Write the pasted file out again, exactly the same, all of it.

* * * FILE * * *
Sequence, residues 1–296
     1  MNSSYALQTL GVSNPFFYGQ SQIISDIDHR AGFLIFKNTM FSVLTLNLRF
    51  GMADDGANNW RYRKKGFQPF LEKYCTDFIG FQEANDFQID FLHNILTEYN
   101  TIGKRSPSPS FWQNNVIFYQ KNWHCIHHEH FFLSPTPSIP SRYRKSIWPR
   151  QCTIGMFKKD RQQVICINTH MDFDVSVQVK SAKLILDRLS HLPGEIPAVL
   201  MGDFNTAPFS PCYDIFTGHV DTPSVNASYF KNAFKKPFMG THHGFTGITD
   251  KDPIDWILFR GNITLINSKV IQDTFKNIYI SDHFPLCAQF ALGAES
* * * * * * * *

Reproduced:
Sequence, residues 1–296
     1  MNSSYALQTL GVSNPFFYGQ SQIISDIDHR AGFLIFKNTM FSVLTLNLRF
    51  GMADDGANNW RYRKKGFQPF LEKYCTDFIG FQEANDFQID FLHNILTEYN
   101  TIGKRSPSPS FWQNNVIFYQ KNWHCIHHEH FFLSPTPSIP SRYRKSIWPR
   151  QCTIGMFKKD RQQVICINTH MDFDVSVQVK SAKLILDRLS HLPGEIPAVL
   201  MGDFNTAPFS PCYDIFTGHV DTPSVNASYF KNAFKKPFMG THHGFTGITD
   251  KDPIDWILFR GNITLINSKV IQDTFKNIYI SDHFPLCAQF ALGAES